Caution: There's some potential risk with my prenatal probiotics approach. Scientists are finding that maternal immune equilibrium is very important for fetal health. So to the degree that probiotics upset this equilibrium, they may be counterproductive. That's why actual research is so important. Although current probiotics are usually billed as anti-inflammatory, very few studies have tested them in this capacity. I could, for example, be causing exactly what I want to prevent. So more science is necessary before people take this idea and run with it.

My wife also took flaxseed for the Omega-3s, which fight inflammation.


Next is that all the studies show that kids who go to daycare early have less allergies and asthma later — and also less type 1 diabetes in some studies. So our kid is in daycare. That wasn’t intentional. It just happened. Nobody has shown why daycare protects, but it’s probably the sharing of fecal bacteria – the microbial diversity — so the kid gets a nice robust internal ecosystem going early.

And the other thing I talked about in the book a little was Epstein-Barr virus, which, in studies coming from Sweden, locked down the immune system if you got it early. If you get it early, you don’t even have any symptoms. Again, I would wait for an answer from the science on Epstein-Barr, but it may partly explain the daycare effect – that children are getting the virus early, and it changes their immune system in a way that protects against allergies.

And here I thought I was helping my kids by keeping them home when they were little!

[module align="right" width="half" type="pull-quote"]We didn’t even use diaper wipes. It’s so important for the skin barrier to be intact.[/module]

Well, there is some risk to daycare. There are some common cold viruses that if you get them young, they predict asthma later. But no one’s really sure if they cause or if the people who get asthma later have some defect in their defenses to begin with, and they tend to get sicker with the viruses earlier.

Diaper creams

And I would assume you made sure your daughter got no diaper cream, given your section on how skin exposure before oral exposure may lead to allergies?

We didn’t even use diaper wipes. It’s so important for the skin barrier to be intact. You don’t want an irritant. Water is fine, it gets the stuff off.

It’s an interesting issue, the whole skin thing. Ten years ago, the recommendations were to put off eating allergenic foods like peanuts if you have allergies in the family. Now they backtracked and say it’s okay. And my guess is they’re going to say you should start eating them earlier so you develop oral tolerance before skin exposure, which may lead to allergies. We’ll see what the studies under way looking at this say – whether earlier exposure is better or not. But that’s the direction they’re pointing right now.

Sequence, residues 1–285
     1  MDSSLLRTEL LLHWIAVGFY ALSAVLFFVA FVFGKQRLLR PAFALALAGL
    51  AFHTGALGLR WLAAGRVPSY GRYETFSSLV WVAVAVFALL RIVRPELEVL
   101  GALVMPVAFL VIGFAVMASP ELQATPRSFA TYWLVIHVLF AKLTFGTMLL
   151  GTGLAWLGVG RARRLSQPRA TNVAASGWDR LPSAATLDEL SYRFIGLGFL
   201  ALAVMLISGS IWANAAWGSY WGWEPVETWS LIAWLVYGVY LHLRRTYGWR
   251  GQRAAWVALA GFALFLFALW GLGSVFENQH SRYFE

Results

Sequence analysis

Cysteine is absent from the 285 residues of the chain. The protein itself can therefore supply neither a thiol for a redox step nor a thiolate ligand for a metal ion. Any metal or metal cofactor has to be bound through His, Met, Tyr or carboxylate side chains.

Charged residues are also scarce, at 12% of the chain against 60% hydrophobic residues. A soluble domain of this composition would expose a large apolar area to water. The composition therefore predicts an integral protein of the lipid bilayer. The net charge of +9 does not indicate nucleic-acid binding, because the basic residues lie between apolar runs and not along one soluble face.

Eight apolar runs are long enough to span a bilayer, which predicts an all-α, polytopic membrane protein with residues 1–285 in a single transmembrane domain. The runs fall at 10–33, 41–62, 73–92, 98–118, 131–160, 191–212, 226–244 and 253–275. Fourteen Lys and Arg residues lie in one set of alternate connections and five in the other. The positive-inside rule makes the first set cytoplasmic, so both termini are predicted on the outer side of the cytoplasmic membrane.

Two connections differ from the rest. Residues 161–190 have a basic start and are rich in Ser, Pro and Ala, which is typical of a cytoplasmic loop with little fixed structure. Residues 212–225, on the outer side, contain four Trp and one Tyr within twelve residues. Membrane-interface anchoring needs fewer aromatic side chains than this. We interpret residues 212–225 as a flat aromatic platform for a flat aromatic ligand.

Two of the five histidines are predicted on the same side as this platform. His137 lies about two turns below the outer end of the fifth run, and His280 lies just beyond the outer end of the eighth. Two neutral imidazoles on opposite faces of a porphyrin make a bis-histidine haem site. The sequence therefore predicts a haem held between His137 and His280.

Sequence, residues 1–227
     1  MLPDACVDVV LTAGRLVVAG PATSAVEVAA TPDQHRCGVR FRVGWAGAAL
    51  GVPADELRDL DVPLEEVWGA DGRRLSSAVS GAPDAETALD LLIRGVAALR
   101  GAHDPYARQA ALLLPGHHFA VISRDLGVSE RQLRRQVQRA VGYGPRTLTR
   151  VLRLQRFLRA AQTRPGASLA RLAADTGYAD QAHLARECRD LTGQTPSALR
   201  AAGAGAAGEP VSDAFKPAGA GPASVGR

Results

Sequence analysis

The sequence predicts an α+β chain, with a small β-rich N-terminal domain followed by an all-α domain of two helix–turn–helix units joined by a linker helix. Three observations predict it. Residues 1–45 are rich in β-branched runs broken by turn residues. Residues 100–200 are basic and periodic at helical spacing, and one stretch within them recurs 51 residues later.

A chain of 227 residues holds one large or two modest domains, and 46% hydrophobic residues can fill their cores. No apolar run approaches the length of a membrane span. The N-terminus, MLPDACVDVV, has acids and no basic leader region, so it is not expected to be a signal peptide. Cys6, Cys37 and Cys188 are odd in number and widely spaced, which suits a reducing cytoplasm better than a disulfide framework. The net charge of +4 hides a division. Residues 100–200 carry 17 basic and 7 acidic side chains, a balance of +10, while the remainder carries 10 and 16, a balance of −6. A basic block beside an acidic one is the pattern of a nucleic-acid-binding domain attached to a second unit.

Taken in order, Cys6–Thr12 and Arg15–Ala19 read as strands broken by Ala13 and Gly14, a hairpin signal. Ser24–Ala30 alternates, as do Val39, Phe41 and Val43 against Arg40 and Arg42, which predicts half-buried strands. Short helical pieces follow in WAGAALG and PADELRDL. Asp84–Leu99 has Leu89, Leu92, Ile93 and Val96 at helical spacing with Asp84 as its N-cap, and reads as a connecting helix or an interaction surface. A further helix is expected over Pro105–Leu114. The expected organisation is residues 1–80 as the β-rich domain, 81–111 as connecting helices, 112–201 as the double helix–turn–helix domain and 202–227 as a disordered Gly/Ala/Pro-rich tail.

[module align="left" width="half" type="pull-quote"]I’m not sure that dirt will really help you. It’s very particular microbes that help humans. [/module]

With my kid, I had her eating peanuts and sesame, which I’m allergic to, from a very young age. I would hesitate to recommend that to other people because it hasn’t been proven to work or to protect against food allergies. But it just doesn’t make any sense that kids are suddenly getting allergic from food they’ve always been eating. Unless either our immune system has changed, or the way we’re exposed to the food has changed. As I point out in the book, there’s evidence that both are true.

Dirt and germs

And should we just generally relax about dirt and germs on kids?

Getting the flu is not a good thing. It’s not going to help you. You still want to avoid that. But in terms of dirt, I think everyone needs to relax a little. It’s okay to get dirty. That said, I know some scientists say to let your kids play in the dirt. They say that because it’s a safe recommdation to make. But I’m not sure that dirt will really help you. It’s very particular microbes that help humans, and they don’t necessarily live in any old dirt. If I go to Central Park right now and let my one-and-a-half-year-old play in a mud puddle, it’s probably not going to hurt my kid. But all the research coming out of central Europe suggests that farmers who work with animals, and especially certain animals, like dairy cows, are protected, not necessarily farmers who grow just the crops. That’s a very specific community of microbes.

So dirt may not hurt, but it also won’t get to the heart of the issue, which is that there are certain very specific microbes we need to be exposed to early and chronically. That said, Graham Rook at University College London makes a good case for saprophytes, innocuous bacteria that live in soil and break down organic material. But it’s also important to recognize that we were probably exposed to these microbes by drinking water in the past. That’s direct and chronic contact with our mucous membranes. Very different than playing in the dirt once a week in Central Park.